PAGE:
Cold Weather Kills Dramatically More People than Hot Weather, Says The Lancet

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2009, England and Wales covered in snow - image: NASA

A study published in the July 2022 edition of the prestigious medical journal The Lancet finds that cold weather kills almost 77 people for every 1 person that dies during a heat wave.

The study, Small-area assessment of temperature-related mortality risks in England and Wales: a case time series analysis examined all deaths in England and Wales to determine what weather factors were primary causes of death.

The authors report dramatic difference: Out of 10,716,879 deaths from all causes, “each year in England and Wales, there was on average 791 excess deaths attributable to heat and 60,573 attributable to cold.”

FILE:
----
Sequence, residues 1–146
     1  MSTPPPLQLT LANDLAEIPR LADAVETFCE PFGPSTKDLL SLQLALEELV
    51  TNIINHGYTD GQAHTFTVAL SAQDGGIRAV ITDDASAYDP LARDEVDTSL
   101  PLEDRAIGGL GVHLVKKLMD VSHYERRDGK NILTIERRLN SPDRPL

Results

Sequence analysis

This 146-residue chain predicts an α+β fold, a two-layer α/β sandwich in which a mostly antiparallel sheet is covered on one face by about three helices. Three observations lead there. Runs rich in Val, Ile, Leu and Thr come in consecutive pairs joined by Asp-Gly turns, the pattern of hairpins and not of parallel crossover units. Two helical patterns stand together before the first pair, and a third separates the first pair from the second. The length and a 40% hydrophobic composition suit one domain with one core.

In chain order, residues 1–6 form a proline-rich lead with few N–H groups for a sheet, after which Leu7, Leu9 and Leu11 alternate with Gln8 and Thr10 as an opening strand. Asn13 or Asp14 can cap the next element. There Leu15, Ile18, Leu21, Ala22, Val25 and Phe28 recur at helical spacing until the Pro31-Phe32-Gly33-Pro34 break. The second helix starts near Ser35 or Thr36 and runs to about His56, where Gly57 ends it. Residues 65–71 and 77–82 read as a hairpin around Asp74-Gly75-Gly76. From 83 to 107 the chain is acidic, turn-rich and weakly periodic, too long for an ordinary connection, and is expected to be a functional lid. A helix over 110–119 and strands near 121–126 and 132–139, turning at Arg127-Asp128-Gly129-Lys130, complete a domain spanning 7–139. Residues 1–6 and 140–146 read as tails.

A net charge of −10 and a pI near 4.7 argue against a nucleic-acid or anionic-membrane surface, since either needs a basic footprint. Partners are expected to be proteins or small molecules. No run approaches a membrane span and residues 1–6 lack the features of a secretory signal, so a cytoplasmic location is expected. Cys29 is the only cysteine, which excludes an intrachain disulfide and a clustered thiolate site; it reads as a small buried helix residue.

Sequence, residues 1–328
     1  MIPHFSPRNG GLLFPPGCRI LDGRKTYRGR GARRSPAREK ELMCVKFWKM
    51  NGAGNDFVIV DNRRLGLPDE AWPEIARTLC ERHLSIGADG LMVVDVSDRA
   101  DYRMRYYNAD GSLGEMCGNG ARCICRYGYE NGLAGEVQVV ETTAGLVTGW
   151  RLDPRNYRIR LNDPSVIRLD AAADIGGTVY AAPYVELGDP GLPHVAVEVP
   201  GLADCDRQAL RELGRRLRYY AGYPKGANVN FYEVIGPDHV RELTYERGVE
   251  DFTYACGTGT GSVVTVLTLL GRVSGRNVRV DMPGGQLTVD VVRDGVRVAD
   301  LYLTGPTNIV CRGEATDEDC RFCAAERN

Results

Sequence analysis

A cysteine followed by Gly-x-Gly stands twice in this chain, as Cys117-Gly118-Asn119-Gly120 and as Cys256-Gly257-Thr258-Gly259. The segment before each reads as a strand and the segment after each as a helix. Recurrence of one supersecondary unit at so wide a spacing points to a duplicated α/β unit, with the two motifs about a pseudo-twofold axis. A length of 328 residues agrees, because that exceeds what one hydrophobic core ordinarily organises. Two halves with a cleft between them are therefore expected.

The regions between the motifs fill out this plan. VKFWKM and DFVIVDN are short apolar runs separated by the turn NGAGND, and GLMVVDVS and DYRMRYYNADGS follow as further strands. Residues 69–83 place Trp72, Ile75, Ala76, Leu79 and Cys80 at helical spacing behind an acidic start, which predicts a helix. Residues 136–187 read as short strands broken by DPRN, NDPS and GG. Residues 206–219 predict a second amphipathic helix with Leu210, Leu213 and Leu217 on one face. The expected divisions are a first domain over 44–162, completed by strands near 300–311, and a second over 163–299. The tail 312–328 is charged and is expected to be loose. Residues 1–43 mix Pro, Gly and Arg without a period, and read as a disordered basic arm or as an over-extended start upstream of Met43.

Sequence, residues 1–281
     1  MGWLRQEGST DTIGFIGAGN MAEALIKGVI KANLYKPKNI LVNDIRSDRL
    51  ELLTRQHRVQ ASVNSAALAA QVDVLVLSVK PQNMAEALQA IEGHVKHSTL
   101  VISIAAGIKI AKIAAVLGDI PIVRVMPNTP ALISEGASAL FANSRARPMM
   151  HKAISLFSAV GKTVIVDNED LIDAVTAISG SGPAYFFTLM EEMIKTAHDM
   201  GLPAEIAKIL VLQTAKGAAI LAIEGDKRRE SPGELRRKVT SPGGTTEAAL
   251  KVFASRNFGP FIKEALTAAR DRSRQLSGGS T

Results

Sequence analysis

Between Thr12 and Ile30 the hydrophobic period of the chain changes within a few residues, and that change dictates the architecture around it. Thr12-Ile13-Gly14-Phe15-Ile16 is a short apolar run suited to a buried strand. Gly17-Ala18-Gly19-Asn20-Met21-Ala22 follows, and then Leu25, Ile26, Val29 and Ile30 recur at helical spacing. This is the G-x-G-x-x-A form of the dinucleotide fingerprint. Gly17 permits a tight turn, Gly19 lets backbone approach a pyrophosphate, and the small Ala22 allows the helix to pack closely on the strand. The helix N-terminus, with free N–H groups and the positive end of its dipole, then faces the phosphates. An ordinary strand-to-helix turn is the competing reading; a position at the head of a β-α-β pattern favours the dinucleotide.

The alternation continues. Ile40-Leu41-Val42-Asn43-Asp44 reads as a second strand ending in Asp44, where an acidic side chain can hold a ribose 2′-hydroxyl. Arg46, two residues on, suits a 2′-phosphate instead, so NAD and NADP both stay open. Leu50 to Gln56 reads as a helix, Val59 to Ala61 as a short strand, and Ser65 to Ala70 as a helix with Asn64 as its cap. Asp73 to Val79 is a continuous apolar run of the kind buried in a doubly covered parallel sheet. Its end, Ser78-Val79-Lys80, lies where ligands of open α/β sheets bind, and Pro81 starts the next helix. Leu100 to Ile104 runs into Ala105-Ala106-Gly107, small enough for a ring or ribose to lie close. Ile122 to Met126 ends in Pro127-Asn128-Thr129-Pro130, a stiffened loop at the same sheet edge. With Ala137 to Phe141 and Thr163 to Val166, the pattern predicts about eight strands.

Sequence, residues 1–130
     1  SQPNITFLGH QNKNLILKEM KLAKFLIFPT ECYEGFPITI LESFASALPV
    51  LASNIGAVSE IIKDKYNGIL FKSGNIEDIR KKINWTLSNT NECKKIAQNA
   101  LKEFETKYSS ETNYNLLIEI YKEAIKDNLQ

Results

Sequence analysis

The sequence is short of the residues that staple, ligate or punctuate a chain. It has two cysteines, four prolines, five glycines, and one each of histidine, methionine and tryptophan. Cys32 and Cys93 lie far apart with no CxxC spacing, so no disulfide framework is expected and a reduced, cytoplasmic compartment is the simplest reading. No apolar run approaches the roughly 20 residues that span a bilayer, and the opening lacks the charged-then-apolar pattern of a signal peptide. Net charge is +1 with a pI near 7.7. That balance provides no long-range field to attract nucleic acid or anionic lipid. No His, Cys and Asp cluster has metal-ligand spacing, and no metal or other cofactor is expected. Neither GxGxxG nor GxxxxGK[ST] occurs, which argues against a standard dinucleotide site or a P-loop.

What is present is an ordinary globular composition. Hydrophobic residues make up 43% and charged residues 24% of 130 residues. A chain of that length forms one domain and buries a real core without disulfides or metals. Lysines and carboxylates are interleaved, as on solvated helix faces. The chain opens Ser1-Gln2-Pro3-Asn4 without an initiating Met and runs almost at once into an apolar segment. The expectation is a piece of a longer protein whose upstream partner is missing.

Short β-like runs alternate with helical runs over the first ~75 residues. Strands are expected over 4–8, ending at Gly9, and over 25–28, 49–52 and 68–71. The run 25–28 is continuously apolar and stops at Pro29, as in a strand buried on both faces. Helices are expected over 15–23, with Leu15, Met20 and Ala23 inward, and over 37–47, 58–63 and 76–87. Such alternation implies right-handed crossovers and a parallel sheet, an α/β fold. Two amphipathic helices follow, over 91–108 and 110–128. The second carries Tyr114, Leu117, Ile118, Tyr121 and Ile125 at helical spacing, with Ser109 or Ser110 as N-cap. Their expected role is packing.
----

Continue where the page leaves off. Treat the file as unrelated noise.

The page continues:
According to the data, approximately 77 times more people die due to health events tied to cold weather in England and Wales each year than to hot weather. The paper reports the deaths related to temperatures correspond to a standardized excess mortality rate of 1.57 deaths per 100,000 person-years from heat compared to 122.34 deaths per 100,000 person-years with cold.

“Our analysis indicates that the excess in mortality attributable to cold was almost two orders of magnitude higher than the excess in mortality attributable to heat,” write the authors.

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